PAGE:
• You should also negotiate for an In-Perpetuity license. Once you license the music in your production, it can be aired forever. If you were to make any changes to your production, you would need to get a new license. This is basic Intellectual Property law. Again, you can negotiate some of these things to fit your needs.


 Licensing music Don't become a headline. Ask about indemnity



Whatever music source you select, you need to ask questions. Two important ones:

1. Do they provide indemnity?

Essentially, indemnity means security or protection against a loss or other financial burden. In music licensing, having indemnity can protect you from common pitfalls, like legal liability and lawsuits.

2. Have they vetted the music properly?

Simply claiming that music has been vetted is not enough. Proper vetting means that the source has confirmed that the music does not infringe on another work, and thoroughly investigating the source to confirm that the composition is owned and from the composer indicated.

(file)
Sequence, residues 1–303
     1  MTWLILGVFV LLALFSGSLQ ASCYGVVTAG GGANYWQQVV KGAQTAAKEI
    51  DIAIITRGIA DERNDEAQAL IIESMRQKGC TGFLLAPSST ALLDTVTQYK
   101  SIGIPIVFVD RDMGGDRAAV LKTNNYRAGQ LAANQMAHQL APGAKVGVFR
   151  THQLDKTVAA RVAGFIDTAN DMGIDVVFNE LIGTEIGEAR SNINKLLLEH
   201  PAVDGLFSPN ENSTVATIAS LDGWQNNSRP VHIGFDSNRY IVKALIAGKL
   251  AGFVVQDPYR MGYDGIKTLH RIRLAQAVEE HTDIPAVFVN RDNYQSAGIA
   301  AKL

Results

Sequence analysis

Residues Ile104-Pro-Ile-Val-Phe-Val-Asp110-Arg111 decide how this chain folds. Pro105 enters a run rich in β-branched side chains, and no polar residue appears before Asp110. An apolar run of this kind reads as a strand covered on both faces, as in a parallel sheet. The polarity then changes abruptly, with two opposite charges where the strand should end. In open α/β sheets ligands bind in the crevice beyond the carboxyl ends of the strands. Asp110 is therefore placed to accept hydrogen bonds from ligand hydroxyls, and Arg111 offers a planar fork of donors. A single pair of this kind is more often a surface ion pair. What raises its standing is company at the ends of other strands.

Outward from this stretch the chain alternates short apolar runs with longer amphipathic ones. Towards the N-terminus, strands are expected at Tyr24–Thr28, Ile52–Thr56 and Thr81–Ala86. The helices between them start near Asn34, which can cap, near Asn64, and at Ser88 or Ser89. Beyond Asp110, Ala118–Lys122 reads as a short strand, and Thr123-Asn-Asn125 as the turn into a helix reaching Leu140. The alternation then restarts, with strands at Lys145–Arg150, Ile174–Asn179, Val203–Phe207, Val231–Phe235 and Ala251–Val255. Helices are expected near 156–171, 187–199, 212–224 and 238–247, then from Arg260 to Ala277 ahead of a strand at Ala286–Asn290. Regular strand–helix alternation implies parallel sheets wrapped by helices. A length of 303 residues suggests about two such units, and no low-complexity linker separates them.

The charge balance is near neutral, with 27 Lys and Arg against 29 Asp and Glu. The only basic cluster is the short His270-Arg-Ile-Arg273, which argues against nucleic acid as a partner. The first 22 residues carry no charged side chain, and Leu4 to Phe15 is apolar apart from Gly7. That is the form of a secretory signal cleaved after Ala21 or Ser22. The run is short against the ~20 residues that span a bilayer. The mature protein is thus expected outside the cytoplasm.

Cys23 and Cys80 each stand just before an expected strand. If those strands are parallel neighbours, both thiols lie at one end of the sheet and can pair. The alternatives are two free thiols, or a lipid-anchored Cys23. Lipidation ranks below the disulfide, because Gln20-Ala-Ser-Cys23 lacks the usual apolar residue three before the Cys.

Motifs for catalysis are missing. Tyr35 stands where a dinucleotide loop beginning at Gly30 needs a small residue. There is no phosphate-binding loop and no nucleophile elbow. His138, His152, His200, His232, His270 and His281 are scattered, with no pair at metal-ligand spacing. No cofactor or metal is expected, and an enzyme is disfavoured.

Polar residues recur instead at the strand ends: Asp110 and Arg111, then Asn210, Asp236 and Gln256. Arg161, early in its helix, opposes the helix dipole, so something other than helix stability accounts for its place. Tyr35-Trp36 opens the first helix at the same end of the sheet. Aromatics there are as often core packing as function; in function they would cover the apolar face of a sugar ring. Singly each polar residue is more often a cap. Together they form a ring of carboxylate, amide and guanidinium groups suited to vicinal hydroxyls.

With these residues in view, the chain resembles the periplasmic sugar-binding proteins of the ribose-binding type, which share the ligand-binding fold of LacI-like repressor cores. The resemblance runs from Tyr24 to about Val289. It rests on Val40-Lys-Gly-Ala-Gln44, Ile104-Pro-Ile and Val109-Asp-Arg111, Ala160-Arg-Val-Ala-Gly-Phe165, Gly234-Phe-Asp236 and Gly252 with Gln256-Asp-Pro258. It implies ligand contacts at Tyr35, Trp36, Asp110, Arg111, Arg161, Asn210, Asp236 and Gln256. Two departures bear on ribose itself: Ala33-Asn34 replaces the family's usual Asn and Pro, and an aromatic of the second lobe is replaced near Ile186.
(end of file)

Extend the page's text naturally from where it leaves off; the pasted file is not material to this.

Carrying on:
Most online sources that offer music at very low cost, even monthly subscription costs, may only offer indemnity for the value of what you paid. If you paid $20, that will not cover the cost of a lawyer. Read the fine print, and ask follow-up questions to make sure you fully understand the terms.

Some are owned by foreign companies, which can put an extra layer of difficulties. Imagine getting a call from a composer who says the music in your production is his, and that you did not license it! International licensing gets complicated, and us unlikely to get easier in the coming years.


The Big Picture